mardi 23 novembre 2010

$4-$6 trillion for war...and a decade later we're being frisked and strip-searched at airports

Given all the current government talk about austerity, and how the elderly will just have to give up their Social Security because the government stole it all to pay for war and tax cuts, you'd think that the costs of the so-called "War on Terror" would at least be mentioned.

For thirty years, "government spending" is a term that in the minds of all too many Americans is the same thing as saying "Welfare for lazy people", despite the fact that defense, Social Security, and Medicare make up over three-quarters of Federal spending. And yet no one except Rand Paul is even looking at defense spending.

Here we are, almost a decade into Afghanistan and seven years into Iraq, with no end of our involvement anywhere in sight. We are not one iota "safer", and not one of the so-called fiscal conservatives is even addressing the cost of these wars:
"Another four years of war—at the current rate—we’re talking about 2400 more coalition and American soldiers dying, thousands more Afghans killed, and a price tag of about a half trillion dollars,” said Matthew Hoh, a former US Marine who resigned his Afghanistan post in protest last year and now serves as director of the Afghanistan Study Group. And the question remains—what does this sacrifice buy us?  How does this benefit the US? How does it impact Al Qaeda? How does it help stabilize Pakistan? How is any of this worth it?"

Nobel Prize-winning economist Joseph Stiglitz and Harvard professor Linda Bilmes now estimate the costs of the Iraq and Afghanistan wars will reach $4 to $6 trillion. There have been approximately 2,200 US and coalition casualties in Afghanistan, and tens of thousands of Afghan civilian deaths.  The Christian Science Monitor reports that “softening” the 2011 and 2014 deadlines “could add at least $125 billion in war spending—not including long-term costs like debt servicing and health care for veterans."


According to the Congressional Research Service, the costs of the wars in Iraq and Afghanistan account for 23 percent of the combined budget deficits since 2003. The Republicans' hypocrisy here is venal. If they were indeed serious about shrinking the deficit in a responsible way this war is one area where they would focus needed attention. Certainly those concerned with the budget and rebuilding our economy can agree that these resources could be put to better use at home.

If these wars were doing anything to keep us safe, it might be possible to justify the cost. But it seems that Americans are as frightened as they've been at any time since the 9/11/01 attacks, we are subject to security theatre at airports that is designed to reinforce that fear while our luggage gets loaded onto planes by Goddess-knows-who, and we keep playing a game of catch-up with a few thousand terrorists who seem able to simply nail together two things that have never been nailed together before and bring us to our knees. Positive steps such as fortified cockpits and passengers who now know that being passive with onboard terrorists no longer means that no one gets hurt minimize the chance of another 9/11-style attack. Everything else is whack-a-mole: Richard Reid tries to light explosive in his shoes, so we have to take off our shoes. Someone else tries to make a bomb out of liquids, so we can only take as much shampoo and moisturizer as will fit in a baggie. A guy tries to light powdered explosive in his underwear, so we have to search elderly people wearing depends and cancer survivors' ostomy bags. Someone hides explosives in printer cartridges and so we ban the shipping of printer cartridges. Whoever finances these penny-ante tactics is laughing at our foolishness.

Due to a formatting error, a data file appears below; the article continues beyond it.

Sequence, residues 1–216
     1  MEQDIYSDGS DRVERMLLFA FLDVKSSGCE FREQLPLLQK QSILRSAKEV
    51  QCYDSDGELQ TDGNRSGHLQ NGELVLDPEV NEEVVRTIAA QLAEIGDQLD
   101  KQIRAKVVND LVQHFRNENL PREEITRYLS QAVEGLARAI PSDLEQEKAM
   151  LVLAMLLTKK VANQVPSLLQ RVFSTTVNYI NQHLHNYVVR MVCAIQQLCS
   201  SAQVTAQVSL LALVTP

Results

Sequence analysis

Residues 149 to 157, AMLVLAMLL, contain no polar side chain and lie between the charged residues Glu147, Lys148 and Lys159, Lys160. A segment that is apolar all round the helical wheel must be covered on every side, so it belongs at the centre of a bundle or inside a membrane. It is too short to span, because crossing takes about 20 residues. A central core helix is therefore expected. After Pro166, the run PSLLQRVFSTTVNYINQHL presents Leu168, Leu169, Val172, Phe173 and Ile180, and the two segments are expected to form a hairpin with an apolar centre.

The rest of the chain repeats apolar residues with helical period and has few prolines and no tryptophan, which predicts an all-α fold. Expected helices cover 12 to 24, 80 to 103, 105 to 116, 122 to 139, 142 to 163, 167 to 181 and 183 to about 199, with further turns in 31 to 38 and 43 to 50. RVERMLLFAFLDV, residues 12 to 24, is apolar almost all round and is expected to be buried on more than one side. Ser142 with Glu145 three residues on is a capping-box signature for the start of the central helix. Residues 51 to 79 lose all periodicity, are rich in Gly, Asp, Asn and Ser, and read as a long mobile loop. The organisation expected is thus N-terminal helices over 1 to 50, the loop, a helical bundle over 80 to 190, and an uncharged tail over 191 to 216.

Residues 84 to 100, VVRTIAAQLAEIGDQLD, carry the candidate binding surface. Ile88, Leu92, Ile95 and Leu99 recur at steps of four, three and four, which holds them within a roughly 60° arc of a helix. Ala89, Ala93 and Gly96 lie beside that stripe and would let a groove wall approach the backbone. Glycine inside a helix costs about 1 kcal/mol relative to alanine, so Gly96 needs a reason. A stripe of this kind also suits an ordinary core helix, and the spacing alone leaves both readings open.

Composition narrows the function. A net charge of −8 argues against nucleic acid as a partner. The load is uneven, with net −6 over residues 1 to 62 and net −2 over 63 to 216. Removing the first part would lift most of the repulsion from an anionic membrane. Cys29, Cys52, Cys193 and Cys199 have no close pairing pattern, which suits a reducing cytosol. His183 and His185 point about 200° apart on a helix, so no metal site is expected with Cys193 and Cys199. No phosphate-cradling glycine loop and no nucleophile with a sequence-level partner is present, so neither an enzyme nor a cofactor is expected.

Because the fact is that we don't know what the hell we're doing. Not in our conduct of war (in which today we find out that a high-level Taliban "leader" with whom we've been negotiating is a fake), not in our air security operations, not in how we handle the economy.

Yesterday was the 47th anniversary of the assassination of John F. Kennedy. I was eight years old then, and while I remember the impact of that event, I also remember that it was a time when Americans were about looking forward, about the future and its potential. The Kennedy assassination was a wake-up call that there was a dark underbelly in this country, but still -- we went to the World's Fair in 1964 and attended exhibits called "Futurama" and "Avenue of Progress" and "Wonder Rotunda" and looked ahead into a future of continued innovation and prosperity.

Forty-seven years later, we are a nation of frightened, medieval-thinking people who deride people who actually live in caves while we behave as if we do, with legislators who say we don't have to do anything about climate change because God wouldn't allow the effects of global warming. We have potential presidential candidates who participate in rituals banishing witchcraft and who think behaving like a high school mean girl is the way to power. Educated people are regarded as "elites" and ignorance is valued as symbolizing "real Americans." Sixty-five years ago we vanquished the Third Reich and the Japanese emperor in four years and now we haven't been able to defeat terrorists in Afghanistan and Iraq in nine.

And now cannibalism is being lauded on national television as symbolizing good old American ingenuity.

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